Batey4Over the past decades, thousands of impoverished Haitian migrant and Dominican families living in the country’s owned 220 bateyes have realized almost no concrete improvement in the quality of their lives, due to the lack of access to primary and reproductive health care, lack of adequate standards of nutrition and sanitation, lack of educational, training and employment opportunities. In addition, during 1998, that population suffered the ravages of Hurricane Georges, which almost wiped out their already flimsy and vulnerable labor ghettos. While efforts have been made to help improve their precarious conditions, but enormous challenges remain. Humanitarian aid for the impoverished batey communities has been reduced drastically as the Dominican Republic’s economy has grown in the past years. On other fronts, it is still difficult for generations of undocumented Haitian families to easily access the country’s mainstream school or health care system due to fear of discrimination or deportation or extreme poverty. The results have been devastating. Thousands of children do not know how to read and write; women and their offsprings often die from readily preventable illnesses; and employment opportunities remain scarce. Both the Dominican Republic and Haiti are deeply affected by population migration patterns stemming from the realities of globalization, poverty and lack of resources on the island of Hispaniola. The neighboring sovereigns too are affected the uncontrollable spread of HIV/AIDS, and by limited access to health and education services, economic opportunities — empowerment and rights issues often driven by special interests and discriminatory practices.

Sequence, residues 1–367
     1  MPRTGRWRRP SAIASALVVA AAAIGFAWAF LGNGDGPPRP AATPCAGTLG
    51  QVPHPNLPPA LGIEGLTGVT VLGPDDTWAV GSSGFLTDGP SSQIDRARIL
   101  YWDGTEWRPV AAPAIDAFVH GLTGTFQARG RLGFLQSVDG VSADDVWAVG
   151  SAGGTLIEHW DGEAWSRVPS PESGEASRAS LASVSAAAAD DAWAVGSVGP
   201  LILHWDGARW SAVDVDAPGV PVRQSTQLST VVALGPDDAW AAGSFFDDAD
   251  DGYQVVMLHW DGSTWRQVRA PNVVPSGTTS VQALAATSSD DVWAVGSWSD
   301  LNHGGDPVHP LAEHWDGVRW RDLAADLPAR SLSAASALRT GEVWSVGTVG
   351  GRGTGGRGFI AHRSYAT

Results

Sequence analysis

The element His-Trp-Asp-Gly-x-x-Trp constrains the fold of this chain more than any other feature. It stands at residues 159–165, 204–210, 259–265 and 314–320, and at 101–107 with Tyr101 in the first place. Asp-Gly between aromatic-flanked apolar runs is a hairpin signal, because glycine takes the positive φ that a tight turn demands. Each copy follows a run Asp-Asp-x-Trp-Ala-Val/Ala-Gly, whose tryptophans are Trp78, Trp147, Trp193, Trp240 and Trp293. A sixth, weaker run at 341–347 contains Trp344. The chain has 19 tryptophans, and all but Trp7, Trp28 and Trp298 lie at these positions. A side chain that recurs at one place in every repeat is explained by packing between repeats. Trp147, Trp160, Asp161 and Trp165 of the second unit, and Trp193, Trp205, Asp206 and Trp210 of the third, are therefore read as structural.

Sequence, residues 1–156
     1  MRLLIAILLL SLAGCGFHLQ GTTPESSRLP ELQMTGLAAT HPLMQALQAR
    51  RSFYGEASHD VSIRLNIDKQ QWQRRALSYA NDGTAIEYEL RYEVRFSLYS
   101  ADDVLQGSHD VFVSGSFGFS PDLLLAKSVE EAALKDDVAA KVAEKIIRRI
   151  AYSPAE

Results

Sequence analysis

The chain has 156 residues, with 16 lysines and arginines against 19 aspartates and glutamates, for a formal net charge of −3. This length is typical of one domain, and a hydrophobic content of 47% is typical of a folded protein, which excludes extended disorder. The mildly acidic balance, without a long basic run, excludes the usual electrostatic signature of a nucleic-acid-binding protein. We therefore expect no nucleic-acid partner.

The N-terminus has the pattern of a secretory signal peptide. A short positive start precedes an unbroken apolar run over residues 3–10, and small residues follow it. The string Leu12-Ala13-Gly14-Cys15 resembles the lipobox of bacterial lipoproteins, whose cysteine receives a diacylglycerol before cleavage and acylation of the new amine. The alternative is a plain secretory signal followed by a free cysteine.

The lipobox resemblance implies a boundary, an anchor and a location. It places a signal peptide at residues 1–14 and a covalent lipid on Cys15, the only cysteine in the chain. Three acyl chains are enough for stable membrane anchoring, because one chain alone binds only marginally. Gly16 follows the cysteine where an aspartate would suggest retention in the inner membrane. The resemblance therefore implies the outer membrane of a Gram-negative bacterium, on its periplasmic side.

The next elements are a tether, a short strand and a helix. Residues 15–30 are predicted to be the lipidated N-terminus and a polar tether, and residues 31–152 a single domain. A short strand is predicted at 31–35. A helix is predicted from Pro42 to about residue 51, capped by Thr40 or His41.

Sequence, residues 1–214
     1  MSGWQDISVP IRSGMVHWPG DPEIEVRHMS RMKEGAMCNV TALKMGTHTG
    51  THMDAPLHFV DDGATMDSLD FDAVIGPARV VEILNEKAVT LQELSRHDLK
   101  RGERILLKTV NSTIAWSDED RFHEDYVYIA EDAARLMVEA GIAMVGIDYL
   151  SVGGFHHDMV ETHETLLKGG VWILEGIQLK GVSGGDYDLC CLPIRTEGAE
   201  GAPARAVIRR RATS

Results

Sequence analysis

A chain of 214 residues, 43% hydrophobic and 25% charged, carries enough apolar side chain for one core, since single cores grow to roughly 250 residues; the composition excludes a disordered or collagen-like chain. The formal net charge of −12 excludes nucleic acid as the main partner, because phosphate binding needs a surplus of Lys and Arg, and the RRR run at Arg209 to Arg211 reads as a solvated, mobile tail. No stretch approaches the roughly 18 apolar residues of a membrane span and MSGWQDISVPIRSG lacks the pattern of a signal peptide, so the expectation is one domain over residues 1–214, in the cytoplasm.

Batey Relief AllianceThe DR is one of the countries most affected by HIV in the Caribbean—together with Haiti, accounts for almost three quarters of the region’s infections. Reproductive health indicators for the marginalized batey populations are extremely poor. Fertility rates in rural areas of the DR reach as high as 4.0, well above the 2.8 national average. In a recent national health survey, only 1.2% of women in DR rural areas, including bateyes, reported using condoms for protection against pregnancy and sexually transmitted infections.  It is not surprising, then, that although the national HIV infection rate in the DR is 1%, 5% of the batey population is infected. HIV rates among specific gender and age groups living on the bateyes are even more alarming; up to 8% of women under the age of 35 are seropositive, while 12% of men between the ages of 40-44 are infected – a number twelve times the national average.  In some bateyes, the rate reaches as high as 13%. This negatively impacts health insecurity, as families take in children orphaned by AIDS, even as their productive, wage earning capacity decreases with the diminished health of PLWHAs. The population also suffers from many other diseases including hypertension, diabetes, cancer, malnutrition, parasitic ailments and tuberculosis.